Access either side of the alloy console is generous and you can walk down to the cockpit without having to squeeze between it and the side decks. Talking of the side decks, they are 300mm wide and flat all the way through to the transom. Underneath on either side are extra wide, fully lined storage shelves with three separate access points. These will easily stow the longest boat rods, plus are handy and easy to get into when fishing. Standard, the boat comes with six deck mounted rod holders, but with the optional bimini and rocker launcher there’s another six available. Never seem to have too many I reckon.

Centre of the cockpit, the alloy console has been designed to handle large MFD screens (we had a Simrad NSS12), plus still leaving plenty of space for instruments, controls, switch panels and whatever else you want to install. We also had a GME VHF and a Fusion iPod dock/stereo so we were covered for sound and comms.

One of the very special features of the Enduro 6400 is the helm seat base, which is mounted on sliders. You have it back when driving and then slide it forward 300mm when you want maximum space in the 1.90m wide cockpit for fishing. There is storage underneath and the twin backrest bolsters swing both ways.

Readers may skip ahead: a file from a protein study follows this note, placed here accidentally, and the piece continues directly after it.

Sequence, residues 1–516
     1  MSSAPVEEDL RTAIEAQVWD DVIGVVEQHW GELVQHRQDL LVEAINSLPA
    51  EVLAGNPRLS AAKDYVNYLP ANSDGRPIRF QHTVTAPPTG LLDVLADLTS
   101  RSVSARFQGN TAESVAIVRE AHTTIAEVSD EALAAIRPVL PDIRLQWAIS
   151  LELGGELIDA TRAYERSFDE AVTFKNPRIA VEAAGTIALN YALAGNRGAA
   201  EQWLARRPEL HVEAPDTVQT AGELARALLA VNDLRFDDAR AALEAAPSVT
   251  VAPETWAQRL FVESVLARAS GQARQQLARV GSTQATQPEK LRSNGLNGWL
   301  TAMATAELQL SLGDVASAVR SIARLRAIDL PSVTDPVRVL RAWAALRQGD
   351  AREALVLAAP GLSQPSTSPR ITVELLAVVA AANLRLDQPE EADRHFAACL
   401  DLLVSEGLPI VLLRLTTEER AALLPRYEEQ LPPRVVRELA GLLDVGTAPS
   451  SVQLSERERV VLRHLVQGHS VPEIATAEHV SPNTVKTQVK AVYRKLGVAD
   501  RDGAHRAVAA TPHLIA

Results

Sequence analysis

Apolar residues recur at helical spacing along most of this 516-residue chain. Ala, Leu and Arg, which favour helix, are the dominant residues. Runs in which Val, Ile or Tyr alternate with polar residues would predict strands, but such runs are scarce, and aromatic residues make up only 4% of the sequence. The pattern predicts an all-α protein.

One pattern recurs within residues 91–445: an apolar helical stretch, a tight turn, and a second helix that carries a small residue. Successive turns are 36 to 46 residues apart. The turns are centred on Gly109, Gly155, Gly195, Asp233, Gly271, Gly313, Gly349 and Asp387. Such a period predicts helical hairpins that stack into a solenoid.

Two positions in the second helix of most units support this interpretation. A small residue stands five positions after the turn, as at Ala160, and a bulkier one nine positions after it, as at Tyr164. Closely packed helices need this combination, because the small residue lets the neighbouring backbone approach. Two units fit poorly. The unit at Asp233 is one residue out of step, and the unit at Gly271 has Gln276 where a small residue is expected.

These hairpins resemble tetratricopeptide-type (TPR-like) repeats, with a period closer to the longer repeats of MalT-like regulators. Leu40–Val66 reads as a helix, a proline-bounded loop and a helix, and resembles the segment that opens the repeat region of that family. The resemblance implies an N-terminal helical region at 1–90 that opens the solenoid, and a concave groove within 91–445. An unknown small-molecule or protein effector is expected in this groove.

The transom has been given the fisherman friendly treatment with a deep live bait tank to starboard, bait station in the centre and wide walk-through cut out to port. The coaming height seemed just about perfect for me for bottom-fishing. Tucked into the transom are the twin batteries, behind hatches, with a deep self draining bilge aft. There is a pair of fold away bench seats that are ideal when underway and can then be dropped out of the way when fishing. There is, in fact, dedicated seating for at least six adults, which is unusual in a centre console style.

Running down the centre line of the boat is the 160-litre fuel tank, with a huge wet locker aft. Another neat feature of the Enduro 6400 is the big boarding platforms that extend either side of the outboard. A three-step, fold-out alloy ladder is extra and is a must have if you are into diving. There is plenty of useable space under the aft deck area for dive gear, at least four/five dive bottles and even extra tote tanks.

If there is a point of difference in the Enduro 6400, it’s the focus on quality, which coupled with a great layout and excellent sea keeping makes this a very special boat in its class. I look forward to seeing the first cabin variant, I am sure it will be stunning.


  • Model: Enduro 6400
  • Priced from: $NZ89,000
  • Price as tested: $NZ115,000
  • Type: Centre Console
  • Construction: 5mm/4mm
  • LOA: 6.40m
  • Beam: 2.40m
  • Deadrise: 19 deg
  • Height on trailer: 2.50m
  • Trailerable weight: 1960 kgs
  • Power: Suzuki DF175         
  • Propellers: 20” 3bld
  • Power options: 140-250hp
  • Fuel capacity: 160 litres
  • Trailer: Enduro


ENDURO 6400 / SUZUKI 175